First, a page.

21st Century Leadership Keith Yamashita TEDxSanFrancisco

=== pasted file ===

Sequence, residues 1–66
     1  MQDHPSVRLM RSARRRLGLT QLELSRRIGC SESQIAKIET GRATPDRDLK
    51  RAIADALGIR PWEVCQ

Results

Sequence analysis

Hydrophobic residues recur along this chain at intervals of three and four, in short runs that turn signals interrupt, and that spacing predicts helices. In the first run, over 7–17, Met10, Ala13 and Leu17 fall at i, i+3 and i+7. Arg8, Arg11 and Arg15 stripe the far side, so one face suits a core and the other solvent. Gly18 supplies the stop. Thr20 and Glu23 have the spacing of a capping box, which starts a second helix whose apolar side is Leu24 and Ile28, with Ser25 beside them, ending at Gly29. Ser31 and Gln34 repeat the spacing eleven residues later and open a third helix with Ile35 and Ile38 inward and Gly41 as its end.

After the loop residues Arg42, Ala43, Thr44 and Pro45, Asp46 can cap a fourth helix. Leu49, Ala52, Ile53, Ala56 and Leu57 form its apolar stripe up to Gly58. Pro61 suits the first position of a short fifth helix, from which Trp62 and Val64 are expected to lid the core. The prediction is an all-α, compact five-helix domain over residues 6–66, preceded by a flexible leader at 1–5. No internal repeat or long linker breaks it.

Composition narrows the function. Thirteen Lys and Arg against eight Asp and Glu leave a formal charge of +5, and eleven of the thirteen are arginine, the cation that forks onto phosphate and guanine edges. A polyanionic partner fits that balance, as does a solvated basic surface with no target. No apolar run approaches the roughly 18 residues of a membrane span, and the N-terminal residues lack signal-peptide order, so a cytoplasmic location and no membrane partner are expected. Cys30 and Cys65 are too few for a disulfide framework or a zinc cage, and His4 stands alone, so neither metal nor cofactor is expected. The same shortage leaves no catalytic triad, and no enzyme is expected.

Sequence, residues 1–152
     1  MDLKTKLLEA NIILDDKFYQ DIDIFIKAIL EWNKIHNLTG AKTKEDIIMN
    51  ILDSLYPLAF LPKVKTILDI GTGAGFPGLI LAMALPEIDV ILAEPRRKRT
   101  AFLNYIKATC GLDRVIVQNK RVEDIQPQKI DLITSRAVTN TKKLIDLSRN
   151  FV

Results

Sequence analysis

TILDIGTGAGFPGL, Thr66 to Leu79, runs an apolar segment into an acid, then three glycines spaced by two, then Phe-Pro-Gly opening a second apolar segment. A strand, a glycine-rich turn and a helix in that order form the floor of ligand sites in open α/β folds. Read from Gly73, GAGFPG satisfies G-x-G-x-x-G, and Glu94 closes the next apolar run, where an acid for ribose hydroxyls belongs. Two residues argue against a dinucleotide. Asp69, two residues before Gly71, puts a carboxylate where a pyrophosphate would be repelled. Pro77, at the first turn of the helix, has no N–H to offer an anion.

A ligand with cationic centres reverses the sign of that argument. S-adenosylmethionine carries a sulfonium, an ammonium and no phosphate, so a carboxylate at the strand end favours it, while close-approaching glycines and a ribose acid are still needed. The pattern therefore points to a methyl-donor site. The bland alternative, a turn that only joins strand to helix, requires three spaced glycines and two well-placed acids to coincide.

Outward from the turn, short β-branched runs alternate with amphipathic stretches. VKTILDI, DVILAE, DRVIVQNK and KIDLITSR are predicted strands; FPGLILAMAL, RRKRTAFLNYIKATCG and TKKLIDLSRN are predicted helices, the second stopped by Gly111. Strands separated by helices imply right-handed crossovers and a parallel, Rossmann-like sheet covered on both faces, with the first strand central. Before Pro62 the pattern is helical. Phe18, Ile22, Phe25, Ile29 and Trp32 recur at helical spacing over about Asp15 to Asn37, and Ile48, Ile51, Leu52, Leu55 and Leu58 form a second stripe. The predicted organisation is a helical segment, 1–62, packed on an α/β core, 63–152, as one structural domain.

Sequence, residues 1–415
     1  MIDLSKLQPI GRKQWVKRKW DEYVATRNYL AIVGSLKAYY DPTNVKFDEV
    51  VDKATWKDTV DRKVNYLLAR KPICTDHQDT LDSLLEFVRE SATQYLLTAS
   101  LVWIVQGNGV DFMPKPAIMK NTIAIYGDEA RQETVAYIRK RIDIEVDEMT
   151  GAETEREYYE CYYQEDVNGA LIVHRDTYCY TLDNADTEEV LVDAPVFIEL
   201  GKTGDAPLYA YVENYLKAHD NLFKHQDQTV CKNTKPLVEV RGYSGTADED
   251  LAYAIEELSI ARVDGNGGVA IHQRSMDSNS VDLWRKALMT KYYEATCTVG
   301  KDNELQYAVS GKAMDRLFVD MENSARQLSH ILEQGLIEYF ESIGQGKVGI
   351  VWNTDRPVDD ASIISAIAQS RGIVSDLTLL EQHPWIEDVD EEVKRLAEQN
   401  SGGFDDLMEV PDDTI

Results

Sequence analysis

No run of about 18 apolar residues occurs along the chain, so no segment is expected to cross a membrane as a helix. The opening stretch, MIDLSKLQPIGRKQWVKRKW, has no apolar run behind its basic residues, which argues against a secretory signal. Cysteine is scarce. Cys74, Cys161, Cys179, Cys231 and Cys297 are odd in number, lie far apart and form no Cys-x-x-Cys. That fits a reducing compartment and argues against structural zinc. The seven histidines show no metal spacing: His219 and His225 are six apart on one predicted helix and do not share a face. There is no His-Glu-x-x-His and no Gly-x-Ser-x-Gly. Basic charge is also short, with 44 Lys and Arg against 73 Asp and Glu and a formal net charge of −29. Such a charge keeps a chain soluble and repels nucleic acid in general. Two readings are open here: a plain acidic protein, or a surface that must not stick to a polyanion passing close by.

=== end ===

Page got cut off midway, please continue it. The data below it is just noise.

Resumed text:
September 16 1978 I was 12 years old and my engineer father gave me this sx-70 Polaroid camera the invention of Edwin land and it quite literally changed my life because when you have this camera this thing as it develops I don't know who this was for you who invited you into your creative life but for me when my father gave me that and put in my hand this ability to look at a lens it changed how I looked at the world it made me slow down it made me understand relationships that mattered it made me understand the things that make us who we are that's my dad right there you see a creative life begins when someone invites you to see the world not just look at the world and for me as I discarded that camera and started with a rangefinder and started looking seeing stopping pausing to look at what goes on in the world I started to see unique things I started to see abstractions that became concrete I started to think things that were of other cultures and it made me look at my own culture it made me stop to look at things that seem very abstract and then things that were incredibly concrete that's my son miles up there things in the realm of business and things on this absolutely crazy world it turns out that some of us I think born as creative beings get the great chance and opportunity to make creativity our profession so those of us in this room who practice design it really is this creative thing that you're born with professionalized and when you get a chance to do it really in my case for almost 50 years you get a small glimmer of being able to practice design in its highest calling now what is that that starts I think with the same thing that that little lens and in xx 70 gives you which is an ability to truly see the world and then in your mind's eye create and conjure something new and extraordinary but you know sometimes it's not just seeing the world that matters sometimes it's not just conjuring and imagining a world that matters you have to have the confidence to go make it real so let me take you into my fourth grade classroom I remember showing up on the very very first day sitting down in my chair next to all these classmates I did not know and in walks my teacher she goes to the board and writes her name missus trig Lee and she does this in kind of a cursive writing that for all of us at the time was kind of like hieroglyphics cuz we didn't know cursive yet right and she's I remember her to this day she leans in and it was like she was talking to our entire class but to me it felt like she was just talking to me I'm that asian blob there in the striped shirt um and she leans in and she says it may take me all year long but I'm going to find something special about you that's your gift that makes you unique in a way that no one else in this class has and she had such confidence as she leaned in and offered this to all of our classmates so I remember sitting there I'm like I have no idea how she could be so confident this woman this four foot eight Anita shrinky what is she talking about but you know is interesting really really early in that year she reaches out to me and she says you know Keith we're in a brand new classroom we have thing on our bulletin boards I think you should pick a topic study that topic and then share with your classmates what you learned so I went to the shelves and opened up all of the Encyclopedia Brittanica books I most of you probably don't even know what Encyclopedia Britannica is there were these like volumes of books that had lots of knowledge in it okay so start with the A's and start going through I read the entire thing got all the way to the W's and chose my topic learn about whales so I got out my construction paper and my sitter scissors and my pencils and my colored pens and I got at the glue stick you do remember glue stick glue stick and I started to create these bulletin boards and it was what is a whale's life like what does it mean to live this far under the sea what does it mean to be able to hold your breath this long what does it mean to be in a sea of mammals versus just fish and plankton and it turns out like I remember so distinctly sharing these bulletin boards with my classmates and I was so proud I was like I made this and this is what I learned and this is what was important and this is what a whale is and as I was done with it mrs. Anita strictly reaches over and very quietly without anyone hearing except me says Keith maybe that's your gift maybe this explaining things to the world is your gift it was just the right amount of confidence you know when someone believes in you more than you believe in yourself it was just the right confidence and it made me more curious and it maybe look at other things about whales and maybe understand that there were many many other things that I could learn it maybe revisit the Encyclopedia Britannica and maybe understand relationships and connections in this great ecosystem all because she said maybe that's your gift some of us I said who were born with a creative life get to do it as a profession so as I got to be older and creativity became my profession this ability to practice design hopefully practice it in its highest calling what became true to me is the worlds of Charles and Ray Eames which is if you want to practice a creative life you can never delegate understanding I run a company called sy partners it was founded here in San Francisco 20 years ago and basically what we do is we go to that Encyclopedia Brittanica of life every day we try to understand something and we try to help other people understand it so they can take action so when you get an invitation from IBM to build an exhibition which is about humankind and how we use information to improve our lives and to improve the world we get out that metaphoric Encyclopedia Brittanica and we learn everything that's required and it results in the world's largest infographic about New York City and how you could use data to curb pollution and crime and fraud and help citizens take control of their lives in positive ways when you have this ability to never delegate understanding when the invitation comes to study cities and how they come together and what makes people connect with each other what are the underlying systems manmade natural what are the the kind of tributaries that feed cities of success what are the things that mankind does the environment what does it mean to understand you stand ready to take that understanding and bring mayors together to talk about how to make a city smarter you stand ready to go into a community to understand hopes and dreams and missing services and things that everyone hungers so that you can work with companies not just to design new products and services for a community but of a community you stand ready when you get an invitation to study the american high school and to understand that we're actually rate ranked 27th in math in the world and you have to go back to 200 years ago when high school was founded in this country on this extraordinary idea to create an education for all to help everyone be available to get a career in profession they want only to understand that that career back then was largely to be a factory and so the schools that were designed were kind of a pre factory for our factory and that's where we put our kids and that's where we've kept them ever since it is only when you have that understanding that when an invitation comes from Laurene Powell Jobs to form something she calls the XQ super school challenge that you stand ready to help her in her quest to call all Americans to the table to reinvent a new American high school what happens when you get to practice this kind of design is that you realize that what we're trying to do as human beings is just understanding cos and understand consequence once you start to have a creative life part of your job is to nurture that creative practice and you and you do that often by finding mentors early in my career I was heavily influenced by Paul Rand and many of you know Paul's work he really is considered the godfather of graphic design and I had an opportunity in my late 20s to go visit Paul to have some of my firm's work critiqued by him so imagine you're in Los Angeles he's staying at a hotel you're up against the hotel door you ring the doorbell the door opens and it's not actually Paul Rand at all it's his wife Miriam who herself is an incredible design leader and she looks at you head-to-toe she says my oh my Keith where is your dinner jacket let's dress pretty much like this and I said well Marian III didn't know where we were going to dinner I was a little bit nervous about this whole thing and she goes yeah a designer should always be ready to go to dinner a little bit nervous so as we're walking into the room were polished she goes oh by the way what school did you go to what design school and I said oh I went to school at Stanford she turns around she goes wrong choice you should have gone to Yale we sit down at Paul's table and Paul says ah doesn't matter doesn't matter where he went to school doesn't matter that he doesn't have a dinner jacket I didn't want to go out anyway we're just going to order in and so we ordered in an over dinner we started to critique the work that I brought and I have to say it was the most eviscerating and most emotional and most difficult critique I've ever been in it was like kind of fall to the floor critique not easy not good um very very late in the conversation right after dessert Paul leaves the room to go into another room and he returns and he puts in front of me a typeset galley so for those of you well pretty much everyone in this room a typeset galley is how they used to set books before there was computers to set books so he puts this typeset galley in front of me and it's from a chapter of one of his upcoming books he says please read this so I'm sitting there and I'm reading and I'm thinking to myself this is not very good and at just that moment he leans and he says what do you think so there you are with your mentor the person you've idolized the person who followed your entire you know growing through design school and you say what are you saying I said well Paul you put forth this great hypothesis in the first paragraph and for some reason the rest of the page doesn't actually live up to that hypothesis Pauline's de marion said I told you it was crap turns out that the Masters the most talented the most gifted among us as creative beings get there because they learn the ability to edit that they learn to separate what's important from what's not what's meaningful from what isn't and they make things that are simple from things that start as complex so all of you think about your own life how you came onto this planet who your missus shrinky was who your dad was who helped you look at the world in a new way who your Paul Rand was who taught you that to do creative work you have to be brutal and how you look at your own work so that you can get to the best and remember I think one last thing which is often in our creative lives our very best inspirations are our friends let me introduce you to David binder he is on your left I met David when he was 26 years old David was an assistant associate associate producer off-off-broadway so far off it was like he was in New Jersey and David then was obsessed by this work that was starting to be developed by an artist in New York it was a character that they had created called Hedvig in East Berlin ER with a botched sex change operation and that caricature became part of a song which became part of a group which became part of an off-off-off Broadway production all the while David is dedicating his whole life to this endeavor this kind of crazy idea I had no idea what this play this musical is about and he stuck with the year after year after year last year I think many of you know he brought this work to the Broadway stage with Neil Patrick Harris in the lead role as head Vig I want to play for you because it was such an amazing moment to watch her friend toiling through 20 years of this his Tony Award winning acceptance speech for Hedvig this thing he had dedicated 20 years of his life to Sir David binder most people think a producer's job is to find ideas but actually I think the opposite happens the ideas find us they get into our bloodstream and then they circulate into our heart and then our brain and they take over every thought and they haunt us and then it's our jobs as producers to move them forward to find wholeness to find completion think about your creative life we often think that a creative life is about bringing ideas into the world and what my friend David binder taught me is that actually ideas choose you think about your life think about what it's meant to this moment think about as you go forward ideas choose you and when they do what becomes your responsibility I hope you'll do like David did when that calling came to him it came as a whisper it came as a crazy idea he said yes to that idea and 20 years later over this long haul he's bought this amazing art into the world what is your art and when it calls you what will you do I hope you'll say yes the same way David did because when you do that is the essence of a creative life say yes thank you you